St. Anthony was born in Spain in 1807, the fifth of 11 children in a poor weaving family. He was inspired by his parents’ faith and devotion from an early age. By 21, Anthony was in high demand as a weaver, but he suffered from ill health. 

He had a vision of himself as a Carthusian monk, and after seeking advice from his bishop, joined the seminary. 

After his ordination, Anthony worked in the missions for 10 years. In 1849, he founded the Claretian order. 

He was then assigned as archbishop of Santiago, Cuba, and made many changes to inspire new faith and growth in his diocese. He reorganized the seminary training program and traveled to all the churches in his diocese to celebrate Mass and hear confessions. Not all his renewals were spiritual — he taught black slaves, and worked to improve farming methods so that people could own their own farms. He was targeted for his radical changes, and 15 assassination attempts were made on his life.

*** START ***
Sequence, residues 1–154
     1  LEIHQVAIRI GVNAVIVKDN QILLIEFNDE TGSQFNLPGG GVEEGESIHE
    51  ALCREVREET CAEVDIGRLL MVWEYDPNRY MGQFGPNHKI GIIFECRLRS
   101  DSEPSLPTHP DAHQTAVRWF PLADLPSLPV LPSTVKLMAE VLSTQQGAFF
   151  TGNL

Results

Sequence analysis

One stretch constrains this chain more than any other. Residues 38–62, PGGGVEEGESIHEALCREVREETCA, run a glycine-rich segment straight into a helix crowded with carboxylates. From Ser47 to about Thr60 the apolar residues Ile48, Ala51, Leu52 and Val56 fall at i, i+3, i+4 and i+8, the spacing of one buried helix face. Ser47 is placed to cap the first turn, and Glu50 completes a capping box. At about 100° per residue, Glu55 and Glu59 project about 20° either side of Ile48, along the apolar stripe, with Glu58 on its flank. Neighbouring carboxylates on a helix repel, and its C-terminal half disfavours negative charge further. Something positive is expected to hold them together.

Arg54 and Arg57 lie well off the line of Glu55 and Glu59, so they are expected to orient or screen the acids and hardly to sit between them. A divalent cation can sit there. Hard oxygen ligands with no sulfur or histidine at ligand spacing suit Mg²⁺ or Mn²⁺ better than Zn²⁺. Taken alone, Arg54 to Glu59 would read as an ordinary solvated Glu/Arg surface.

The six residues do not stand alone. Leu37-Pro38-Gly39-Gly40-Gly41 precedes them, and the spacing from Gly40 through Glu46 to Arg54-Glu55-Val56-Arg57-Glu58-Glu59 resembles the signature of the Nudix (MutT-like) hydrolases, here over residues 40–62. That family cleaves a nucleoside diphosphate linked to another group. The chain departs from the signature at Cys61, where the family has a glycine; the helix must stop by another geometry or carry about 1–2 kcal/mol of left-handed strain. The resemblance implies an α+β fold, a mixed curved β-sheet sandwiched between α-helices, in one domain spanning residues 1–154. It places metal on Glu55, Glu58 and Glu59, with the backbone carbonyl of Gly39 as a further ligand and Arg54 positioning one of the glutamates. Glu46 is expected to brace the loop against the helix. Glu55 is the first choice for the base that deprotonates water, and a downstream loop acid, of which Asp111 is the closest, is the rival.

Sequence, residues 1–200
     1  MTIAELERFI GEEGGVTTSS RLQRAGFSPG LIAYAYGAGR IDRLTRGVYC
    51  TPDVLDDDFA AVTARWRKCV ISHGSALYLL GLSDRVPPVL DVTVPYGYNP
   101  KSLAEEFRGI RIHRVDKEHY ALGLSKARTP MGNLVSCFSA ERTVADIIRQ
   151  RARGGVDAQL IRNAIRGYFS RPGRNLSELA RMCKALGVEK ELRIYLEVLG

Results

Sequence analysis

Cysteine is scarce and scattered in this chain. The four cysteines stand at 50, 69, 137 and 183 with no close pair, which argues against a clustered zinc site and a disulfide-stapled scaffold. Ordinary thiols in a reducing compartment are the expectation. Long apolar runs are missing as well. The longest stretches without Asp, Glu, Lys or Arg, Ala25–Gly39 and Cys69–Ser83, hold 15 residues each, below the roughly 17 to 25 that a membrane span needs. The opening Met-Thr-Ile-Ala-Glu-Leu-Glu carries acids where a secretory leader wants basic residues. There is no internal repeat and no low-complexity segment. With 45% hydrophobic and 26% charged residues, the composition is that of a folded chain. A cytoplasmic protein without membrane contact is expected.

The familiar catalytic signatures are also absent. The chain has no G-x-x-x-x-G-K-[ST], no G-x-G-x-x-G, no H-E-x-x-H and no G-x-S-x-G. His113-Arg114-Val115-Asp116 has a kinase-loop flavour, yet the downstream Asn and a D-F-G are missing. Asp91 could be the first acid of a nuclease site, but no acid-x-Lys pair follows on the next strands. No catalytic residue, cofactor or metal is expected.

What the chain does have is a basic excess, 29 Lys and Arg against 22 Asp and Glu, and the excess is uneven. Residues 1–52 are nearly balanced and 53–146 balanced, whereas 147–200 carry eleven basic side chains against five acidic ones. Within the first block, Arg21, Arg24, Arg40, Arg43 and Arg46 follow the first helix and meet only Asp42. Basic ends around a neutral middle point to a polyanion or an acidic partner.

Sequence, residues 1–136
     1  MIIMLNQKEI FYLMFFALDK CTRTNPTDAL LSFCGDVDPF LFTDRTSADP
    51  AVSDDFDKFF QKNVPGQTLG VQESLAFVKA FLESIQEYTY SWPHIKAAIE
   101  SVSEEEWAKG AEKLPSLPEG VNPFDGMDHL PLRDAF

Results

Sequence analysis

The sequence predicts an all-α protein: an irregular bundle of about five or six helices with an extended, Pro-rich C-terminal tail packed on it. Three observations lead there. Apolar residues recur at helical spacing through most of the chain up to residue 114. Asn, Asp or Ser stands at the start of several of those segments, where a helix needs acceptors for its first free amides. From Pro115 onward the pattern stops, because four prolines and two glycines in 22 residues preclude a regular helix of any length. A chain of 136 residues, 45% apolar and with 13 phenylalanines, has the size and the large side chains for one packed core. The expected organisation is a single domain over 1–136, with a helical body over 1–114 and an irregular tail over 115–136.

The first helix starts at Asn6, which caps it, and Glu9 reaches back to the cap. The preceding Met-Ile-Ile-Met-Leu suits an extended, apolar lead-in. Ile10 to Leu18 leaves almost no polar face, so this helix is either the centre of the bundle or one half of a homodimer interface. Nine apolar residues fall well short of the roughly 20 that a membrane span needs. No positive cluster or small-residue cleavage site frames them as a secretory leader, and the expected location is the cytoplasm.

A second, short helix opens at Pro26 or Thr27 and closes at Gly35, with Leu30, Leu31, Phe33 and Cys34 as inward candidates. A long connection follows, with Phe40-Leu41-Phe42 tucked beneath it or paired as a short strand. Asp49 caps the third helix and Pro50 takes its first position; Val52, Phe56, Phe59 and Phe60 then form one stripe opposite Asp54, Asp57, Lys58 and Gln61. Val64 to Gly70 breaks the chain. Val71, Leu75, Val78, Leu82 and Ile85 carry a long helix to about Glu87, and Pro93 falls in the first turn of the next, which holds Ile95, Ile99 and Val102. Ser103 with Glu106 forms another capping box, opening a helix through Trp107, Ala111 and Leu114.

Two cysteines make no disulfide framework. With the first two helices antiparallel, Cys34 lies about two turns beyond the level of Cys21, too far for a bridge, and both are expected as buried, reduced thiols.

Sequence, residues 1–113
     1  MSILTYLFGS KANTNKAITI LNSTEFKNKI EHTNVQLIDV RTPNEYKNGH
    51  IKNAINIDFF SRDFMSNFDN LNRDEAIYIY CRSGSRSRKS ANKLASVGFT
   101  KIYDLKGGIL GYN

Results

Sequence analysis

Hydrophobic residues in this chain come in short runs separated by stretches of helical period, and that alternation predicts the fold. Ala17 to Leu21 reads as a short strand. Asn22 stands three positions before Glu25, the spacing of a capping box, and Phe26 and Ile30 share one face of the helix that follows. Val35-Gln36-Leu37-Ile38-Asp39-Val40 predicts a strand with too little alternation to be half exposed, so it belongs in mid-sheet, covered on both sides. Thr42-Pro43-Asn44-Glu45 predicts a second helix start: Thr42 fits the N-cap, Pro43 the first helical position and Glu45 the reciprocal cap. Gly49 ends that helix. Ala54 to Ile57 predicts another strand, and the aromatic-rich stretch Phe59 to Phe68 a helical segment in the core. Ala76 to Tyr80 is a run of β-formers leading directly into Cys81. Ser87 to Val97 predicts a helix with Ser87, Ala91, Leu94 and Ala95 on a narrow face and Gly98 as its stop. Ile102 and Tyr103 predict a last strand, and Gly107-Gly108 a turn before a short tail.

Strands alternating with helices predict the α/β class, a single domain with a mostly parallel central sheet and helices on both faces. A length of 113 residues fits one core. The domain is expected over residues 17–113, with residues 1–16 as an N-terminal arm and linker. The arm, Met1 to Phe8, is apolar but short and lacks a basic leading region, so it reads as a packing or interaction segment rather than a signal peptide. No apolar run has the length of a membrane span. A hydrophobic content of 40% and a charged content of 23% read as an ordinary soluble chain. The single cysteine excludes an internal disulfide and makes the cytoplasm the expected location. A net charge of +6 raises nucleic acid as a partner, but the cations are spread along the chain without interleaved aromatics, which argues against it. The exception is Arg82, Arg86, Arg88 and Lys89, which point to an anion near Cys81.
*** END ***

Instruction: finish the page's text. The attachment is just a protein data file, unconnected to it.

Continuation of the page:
After eight years as archbishop, Anthony was sent to Spain to be the confessor to Queen Isabella II. He arranged with her that he would not live at the palace, but would come to hear confessions and teach her children. While in Spain, he opened a religious publishing house, and wrote more than 200 books and pamphlets. 

In 1886, Anthony and Queen Isabella were exiled during the Spanish Revolution. He returned to Rome to defend the infallibility of the Pope at Vatican I, and then went to a Cistercian monastery in France, where he died in 1870. 

St. Anthony was canonized in 1950.